If the only thing one had to judge the success of contemporary art were the literature produced for specialized publications, exhibition statements and class syllabus, one would have no choice but believe that contemporary art is radically effective in politcaly shaping the world we live in.
Artists and art writers make several claims about art’s significance, that is its capacity to effect changes in the world and the ideas through which artworks and exhibitions are able to do it. However, in attributing this capacity to the conceptual and aesthetic content of artworks, there is a overstatement of their significance insofar as that it promotes the notion that it is solely there where it lays the ultimate means of agency, and its most important reference point for critical evaluation. However, the claims about such consequence far outpace the actual consequence of contemporary art practices. To complicate matters further, CA is a market that circulates a lot of money, both public (though mostly in northern Europe) and private, here i am deliberately conflating market and institutional practices as they are intertwined. Whether one believes or not in free market as an optimized hub of exchange, it is safe to assume that the sums spent in the furthering of contemporary arte are seen as an investment — wether a direct one or subrepetiously cashed out throught indirect means such as furthering the tourism profile of a certain city. So that leaves us with a complicate question regarding arts claims and its imbrication with markets. In their work on political economy, Jonathan Nizpan and Shimson Bichler make the case for economic power as an index for political power, where more money = more power, however, CA seems difficult to be mapped onto this theoretical framework. While there seems to be at the very least a lot of money flowing into this particular market, the power that this money supposedly indexes, is not necessarily reverted to the politics that this money seems, on a first glance to support.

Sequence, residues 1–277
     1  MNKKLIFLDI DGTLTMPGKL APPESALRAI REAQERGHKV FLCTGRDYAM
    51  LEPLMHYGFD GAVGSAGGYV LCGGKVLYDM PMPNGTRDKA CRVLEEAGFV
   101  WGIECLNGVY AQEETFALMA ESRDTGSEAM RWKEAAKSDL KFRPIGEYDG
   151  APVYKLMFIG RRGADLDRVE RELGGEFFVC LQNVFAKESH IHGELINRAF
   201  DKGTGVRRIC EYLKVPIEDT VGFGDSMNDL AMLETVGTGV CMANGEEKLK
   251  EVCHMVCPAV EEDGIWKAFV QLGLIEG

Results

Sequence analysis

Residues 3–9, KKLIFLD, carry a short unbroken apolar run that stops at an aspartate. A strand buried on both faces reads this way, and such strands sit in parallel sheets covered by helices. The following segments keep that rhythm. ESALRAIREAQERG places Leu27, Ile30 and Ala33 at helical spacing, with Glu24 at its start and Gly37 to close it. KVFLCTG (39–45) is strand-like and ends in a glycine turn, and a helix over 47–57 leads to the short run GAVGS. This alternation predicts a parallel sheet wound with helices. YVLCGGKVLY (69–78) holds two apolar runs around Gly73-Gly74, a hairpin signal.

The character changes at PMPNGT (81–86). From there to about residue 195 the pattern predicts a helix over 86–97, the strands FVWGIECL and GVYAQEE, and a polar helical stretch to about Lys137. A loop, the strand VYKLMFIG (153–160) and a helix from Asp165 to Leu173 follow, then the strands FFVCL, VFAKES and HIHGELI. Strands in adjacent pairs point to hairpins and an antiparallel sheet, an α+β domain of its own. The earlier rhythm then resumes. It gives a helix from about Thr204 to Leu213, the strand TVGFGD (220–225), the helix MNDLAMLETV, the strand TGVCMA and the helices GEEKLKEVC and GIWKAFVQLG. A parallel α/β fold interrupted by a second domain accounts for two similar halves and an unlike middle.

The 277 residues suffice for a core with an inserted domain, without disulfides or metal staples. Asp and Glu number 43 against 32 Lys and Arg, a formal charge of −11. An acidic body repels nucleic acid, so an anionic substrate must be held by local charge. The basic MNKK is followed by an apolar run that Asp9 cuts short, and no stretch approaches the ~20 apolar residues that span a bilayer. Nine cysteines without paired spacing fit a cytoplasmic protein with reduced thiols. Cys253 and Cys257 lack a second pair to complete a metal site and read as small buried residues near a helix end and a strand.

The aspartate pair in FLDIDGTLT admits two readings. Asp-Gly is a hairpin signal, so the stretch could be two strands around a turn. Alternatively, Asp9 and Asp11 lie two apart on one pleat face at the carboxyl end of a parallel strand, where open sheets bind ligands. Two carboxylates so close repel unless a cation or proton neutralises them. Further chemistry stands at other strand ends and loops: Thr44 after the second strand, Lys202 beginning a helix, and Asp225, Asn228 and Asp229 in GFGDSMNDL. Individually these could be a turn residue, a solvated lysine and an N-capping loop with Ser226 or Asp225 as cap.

The question of parameters of evaluation have been always shifty throughout art history. The notion of historical development is tethered very much to this notion. Meaning: the history of art is in fact the history and dispute of modes of evaluation and narrative organization privileges underscored by shifting technical and cultural grounds. Arthur Danto gives credence to an end of history arguments via the apparent atrophied language development capabilities that contemporary art has exhibited since the 60's, and which roughly coincides with Mark Fishers argument about music.
However my perspective is that is a strategic move which functions as a guarantee for investors. Of course this is not about Illuminati or new world order level conspiracies. But rather we should think of these as strongly entrenched incentives not to change winning strategies, considering both its effectiveness as an investment and the way in which they afford not only economical but cultural capital.